For years, First Lady Michelle Obama has advocated for better health standards in the U.S., particularly for school children. Recently, she unveiled a new rule that will update nutrition labels for the first time in more than two decades – while also ensuring that consumers are better informed about the food they are buying.
In a press release, the White House announced that the U.S. Food and Drug Administration will adjust labeling requirements to emphasize the calorie content and added sugars in food. Daily values will also be updated to match recent nutritional science, and serving sizes will be increased to reflect that amount of food that the typical American actually eats.
"The FDA will adjust labeling requirements to emphasize the calorie content and added sugars in food."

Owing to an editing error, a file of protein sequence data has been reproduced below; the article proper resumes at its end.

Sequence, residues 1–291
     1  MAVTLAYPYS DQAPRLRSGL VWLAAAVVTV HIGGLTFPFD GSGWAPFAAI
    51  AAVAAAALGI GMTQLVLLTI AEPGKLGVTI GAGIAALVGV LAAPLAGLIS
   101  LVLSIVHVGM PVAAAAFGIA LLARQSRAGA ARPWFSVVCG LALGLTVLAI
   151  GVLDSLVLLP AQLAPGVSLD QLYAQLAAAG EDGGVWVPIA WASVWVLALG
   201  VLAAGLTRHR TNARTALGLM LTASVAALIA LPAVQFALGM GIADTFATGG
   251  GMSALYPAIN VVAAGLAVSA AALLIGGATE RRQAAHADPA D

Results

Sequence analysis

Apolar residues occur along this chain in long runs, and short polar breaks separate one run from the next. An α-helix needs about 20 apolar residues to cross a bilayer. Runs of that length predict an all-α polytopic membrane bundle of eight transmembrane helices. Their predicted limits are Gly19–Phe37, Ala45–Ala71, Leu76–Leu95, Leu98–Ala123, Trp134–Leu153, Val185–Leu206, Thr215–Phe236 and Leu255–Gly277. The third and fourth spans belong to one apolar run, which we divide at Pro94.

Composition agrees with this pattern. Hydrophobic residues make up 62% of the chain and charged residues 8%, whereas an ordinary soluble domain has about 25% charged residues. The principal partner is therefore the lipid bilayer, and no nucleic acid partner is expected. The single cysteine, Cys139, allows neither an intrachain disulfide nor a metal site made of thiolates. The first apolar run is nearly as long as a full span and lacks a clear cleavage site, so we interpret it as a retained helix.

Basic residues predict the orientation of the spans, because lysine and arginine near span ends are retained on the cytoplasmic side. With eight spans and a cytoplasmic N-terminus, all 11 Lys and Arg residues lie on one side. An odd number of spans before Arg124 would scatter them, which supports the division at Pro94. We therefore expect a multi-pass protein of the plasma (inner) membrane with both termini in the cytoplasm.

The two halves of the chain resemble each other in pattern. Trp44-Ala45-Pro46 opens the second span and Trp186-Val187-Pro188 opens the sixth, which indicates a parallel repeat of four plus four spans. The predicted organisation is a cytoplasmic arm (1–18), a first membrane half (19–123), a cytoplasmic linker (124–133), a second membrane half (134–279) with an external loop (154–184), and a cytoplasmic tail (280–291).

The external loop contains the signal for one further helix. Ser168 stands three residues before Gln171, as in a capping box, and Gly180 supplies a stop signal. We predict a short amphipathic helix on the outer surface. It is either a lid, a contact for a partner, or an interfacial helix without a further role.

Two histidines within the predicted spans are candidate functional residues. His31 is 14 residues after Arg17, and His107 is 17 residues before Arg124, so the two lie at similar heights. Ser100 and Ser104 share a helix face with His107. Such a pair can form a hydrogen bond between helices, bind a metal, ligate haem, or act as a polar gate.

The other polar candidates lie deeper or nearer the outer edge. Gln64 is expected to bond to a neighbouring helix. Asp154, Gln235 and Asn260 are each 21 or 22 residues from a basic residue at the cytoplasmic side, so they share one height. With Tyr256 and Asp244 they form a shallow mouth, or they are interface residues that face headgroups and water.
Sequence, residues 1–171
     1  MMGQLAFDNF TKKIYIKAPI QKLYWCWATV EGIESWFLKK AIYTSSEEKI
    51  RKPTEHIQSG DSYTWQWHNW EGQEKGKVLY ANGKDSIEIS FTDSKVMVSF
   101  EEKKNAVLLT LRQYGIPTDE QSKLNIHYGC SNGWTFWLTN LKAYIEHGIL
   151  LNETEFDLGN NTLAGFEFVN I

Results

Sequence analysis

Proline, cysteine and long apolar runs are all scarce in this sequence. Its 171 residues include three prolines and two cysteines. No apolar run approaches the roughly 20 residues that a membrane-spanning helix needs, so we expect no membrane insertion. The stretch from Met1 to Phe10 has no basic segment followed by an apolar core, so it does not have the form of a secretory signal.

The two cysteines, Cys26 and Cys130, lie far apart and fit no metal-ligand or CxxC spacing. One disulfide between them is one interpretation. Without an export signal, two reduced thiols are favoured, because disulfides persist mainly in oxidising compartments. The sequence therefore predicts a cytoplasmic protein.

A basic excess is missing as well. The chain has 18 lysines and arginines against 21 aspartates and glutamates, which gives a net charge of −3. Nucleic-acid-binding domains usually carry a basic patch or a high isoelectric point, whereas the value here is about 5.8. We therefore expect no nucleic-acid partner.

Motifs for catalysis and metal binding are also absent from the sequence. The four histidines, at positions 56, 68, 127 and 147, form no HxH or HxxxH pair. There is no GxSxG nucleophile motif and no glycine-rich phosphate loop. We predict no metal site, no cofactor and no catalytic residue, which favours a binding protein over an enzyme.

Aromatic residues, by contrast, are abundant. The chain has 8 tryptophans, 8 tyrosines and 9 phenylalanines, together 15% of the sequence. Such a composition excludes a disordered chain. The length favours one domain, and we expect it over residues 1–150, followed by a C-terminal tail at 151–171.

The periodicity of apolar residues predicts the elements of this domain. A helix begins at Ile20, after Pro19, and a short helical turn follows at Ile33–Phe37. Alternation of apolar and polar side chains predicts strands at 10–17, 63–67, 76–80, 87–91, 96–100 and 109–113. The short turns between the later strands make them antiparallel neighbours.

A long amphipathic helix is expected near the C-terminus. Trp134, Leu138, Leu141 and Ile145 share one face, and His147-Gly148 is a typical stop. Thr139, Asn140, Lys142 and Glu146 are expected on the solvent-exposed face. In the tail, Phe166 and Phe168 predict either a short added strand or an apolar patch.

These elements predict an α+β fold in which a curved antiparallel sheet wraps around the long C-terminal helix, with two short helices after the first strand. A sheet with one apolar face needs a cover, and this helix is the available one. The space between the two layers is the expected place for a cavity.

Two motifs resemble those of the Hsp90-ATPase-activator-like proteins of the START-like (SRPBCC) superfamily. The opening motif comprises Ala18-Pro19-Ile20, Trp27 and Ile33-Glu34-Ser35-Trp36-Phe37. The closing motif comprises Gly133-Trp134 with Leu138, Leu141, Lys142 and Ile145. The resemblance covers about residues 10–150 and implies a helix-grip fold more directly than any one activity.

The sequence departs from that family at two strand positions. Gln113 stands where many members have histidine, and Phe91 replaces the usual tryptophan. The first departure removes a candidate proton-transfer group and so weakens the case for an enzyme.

All told, this means big changes that consumers will almost certainly notice.
"Very soon, very soon you will no longer need a microscope, a calculator or a degree in nutrition to figure out whether the food you're buying is actually good for our kids," Obama said at a health summit in Washington, D.C., according to Politico. "That's a phenomenal achievement."
Specifically, the new requirements will go into effect in two years, though food companies that make less than $10 million in annual sales will have an extra year. It is estimated that the total cost of overhauling all of the affected labels in the U.S. will reach $2 billion.
Smaller food manufacturers may have a little more time to comply with the regulation, but they should still start preparing for the changes as soon as possible. Durafast offers printing solutions that help users produce exactly what they need in a more cost-effective manner. Contact us today!